Catherine Herfeld is an assistant professor for Philosophy of the Social Sciences and Social Theory at the University of Zurich, Switzerland. She is also an associate editor of the Journal of Economic Methodology. Her research interests fall into the fields of philosophy of economics, economic methodology, history of economics, Integrated History and Philosophy of Science (&HPS), and empirical philosophy of science. In her work, she mainly brings an &HPS approach to address philosophical and historical questions about economics, such as how model transfer into and from economics into other domains looks like, the nature of rational choice explanations, the history of rational choice theories, the nature of thought experiments in economics, and the status of first principles in economics, among other issues. She is also interested in diversity issues in the field of economic methodology and conducts empirical research on the underrepresentation of women in philosophy.
elected June 2022, profile to come
Chiara Lisciandra is a Humboldt Experienced Research Fellow at the University of Munich. Her research interests are in philosophy of science, economic methodology, and social philosophy. She works on the emergence and development of norms in society, both theoretically and empirically (via formal and agent-based models, laboratory experiments, and survey studies). Next to this, she studies norms in science, in particular the way in which scientists combine their explanatory norms with those from other fields and how this affects the transfer of models across domains. Chiara’s academic website is www.chiaralisciandra.com
Magdalena Małecka is an Assistant Professor at Aarhus University (Aarhus Institute for Advanced Studies) and a Docent at the University of Helsinki. She has undertaken research at i.a. Institute for Advanced Study in Princeton, Stanford University, Columbia University, Central European University, European University Institute, University of California, Berkeley. Magdalena combines insights from history of economic thought, STS and feminist philosophy of science to develop her philosophical perspective on modern economics. She has published on behavioural public policy and behavioural economics, decision theory, values in economics, economics imperialism, law&economics. Her recent research focuses on the ways in which computer has transformed modern economics and on philosophical implications of this transformation.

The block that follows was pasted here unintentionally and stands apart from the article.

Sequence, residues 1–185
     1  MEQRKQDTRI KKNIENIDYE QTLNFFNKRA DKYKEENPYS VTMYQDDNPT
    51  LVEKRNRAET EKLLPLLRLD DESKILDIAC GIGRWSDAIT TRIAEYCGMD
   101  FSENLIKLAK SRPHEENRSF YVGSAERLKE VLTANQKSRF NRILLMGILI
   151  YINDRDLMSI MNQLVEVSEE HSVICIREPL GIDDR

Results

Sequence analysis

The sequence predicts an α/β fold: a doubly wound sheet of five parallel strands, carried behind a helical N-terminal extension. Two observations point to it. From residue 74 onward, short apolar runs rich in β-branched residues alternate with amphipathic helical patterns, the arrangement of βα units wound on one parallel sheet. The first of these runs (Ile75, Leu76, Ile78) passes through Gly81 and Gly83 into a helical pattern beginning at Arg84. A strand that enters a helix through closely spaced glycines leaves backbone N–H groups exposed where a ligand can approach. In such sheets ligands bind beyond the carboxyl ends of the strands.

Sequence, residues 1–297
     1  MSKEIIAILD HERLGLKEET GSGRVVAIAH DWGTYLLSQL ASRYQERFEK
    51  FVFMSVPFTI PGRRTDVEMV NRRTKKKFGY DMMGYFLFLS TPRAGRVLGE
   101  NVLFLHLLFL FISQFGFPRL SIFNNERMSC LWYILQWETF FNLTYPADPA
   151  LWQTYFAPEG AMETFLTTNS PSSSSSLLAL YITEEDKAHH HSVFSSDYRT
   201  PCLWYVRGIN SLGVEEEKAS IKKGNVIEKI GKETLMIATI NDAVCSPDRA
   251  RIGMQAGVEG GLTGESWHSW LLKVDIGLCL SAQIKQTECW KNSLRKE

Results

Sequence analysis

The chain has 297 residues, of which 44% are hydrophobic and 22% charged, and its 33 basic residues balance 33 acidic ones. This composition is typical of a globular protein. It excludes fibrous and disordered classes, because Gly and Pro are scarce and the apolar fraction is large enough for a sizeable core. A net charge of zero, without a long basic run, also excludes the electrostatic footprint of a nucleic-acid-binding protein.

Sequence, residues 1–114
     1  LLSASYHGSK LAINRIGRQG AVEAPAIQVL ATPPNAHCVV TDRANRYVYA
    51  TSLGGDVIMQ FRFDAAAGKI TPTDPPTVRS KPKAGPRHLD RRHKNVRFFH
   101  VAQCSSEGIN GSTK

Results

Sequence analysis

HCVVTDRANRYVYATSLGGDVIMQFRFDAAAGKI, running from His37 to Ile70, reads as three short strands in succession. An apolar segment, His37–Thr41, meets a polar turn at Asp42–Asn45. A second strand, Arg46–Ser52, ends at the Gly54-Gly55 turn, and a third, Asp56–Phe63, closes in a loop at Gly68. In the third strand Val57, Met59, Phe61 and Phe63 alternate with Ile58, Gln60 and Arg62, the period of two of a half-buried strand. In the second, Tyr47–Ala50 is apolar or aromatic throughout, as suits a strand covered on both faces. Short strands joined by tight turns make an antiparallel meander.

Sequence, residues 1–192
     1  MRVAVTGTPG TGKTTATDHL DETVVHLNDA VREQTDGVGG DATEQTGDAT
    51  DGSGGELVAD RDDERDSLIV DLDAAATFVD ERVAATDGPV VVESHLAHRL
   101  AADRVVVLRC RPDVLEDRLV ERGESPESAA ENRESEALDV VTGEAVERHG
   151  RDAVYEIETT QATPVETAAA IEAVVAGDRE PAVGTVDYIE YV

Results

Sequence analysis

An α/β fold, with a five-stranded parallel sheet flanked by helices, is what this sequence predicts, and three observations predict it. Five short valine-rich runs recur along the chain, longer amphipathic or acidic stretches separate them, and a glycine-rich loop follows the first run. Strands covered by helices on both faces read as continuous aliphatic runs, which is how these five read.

Esther-Mirjam Sent is a professor of Economic Theory and Policy at Radboud University in the Netherlands. Her research interests include behavioral economics, experimental economics, and economic policy as well as the history and philosophy of economics and the economics of science. Particular points of interest are bounded rationality, emotion, and gender. Esther-Mirjam Sent has studied and worked in the United States. She obtained her doctorate from Stanford University in 1994, under the guidance of Nobel prize winner Kenneth Arrow. Since 2011 she also serves as a member of the Dutch Senate.
elected June 2022 (profile to come)
elected June 2022 (profile to come)
Jack Vromen is professor of philosophy at the Erasmus School of Philosophy and Director of the Erasmus Institute for Philosophy and Economics (EIPE, both at Erasmus University Rotterdam). He co-edits with N. Emrah Aydinonat the Journal of Economic Methodology. His research always has been at the intersection of economics and philosophy, with special attention for foundations of evolutionary economics, new institutional economics and neuroeconomics. More recently his research focused on social preferences, to how they could have evolved, what might motivate them and whether their satisfaction should be included in welfare evaluations.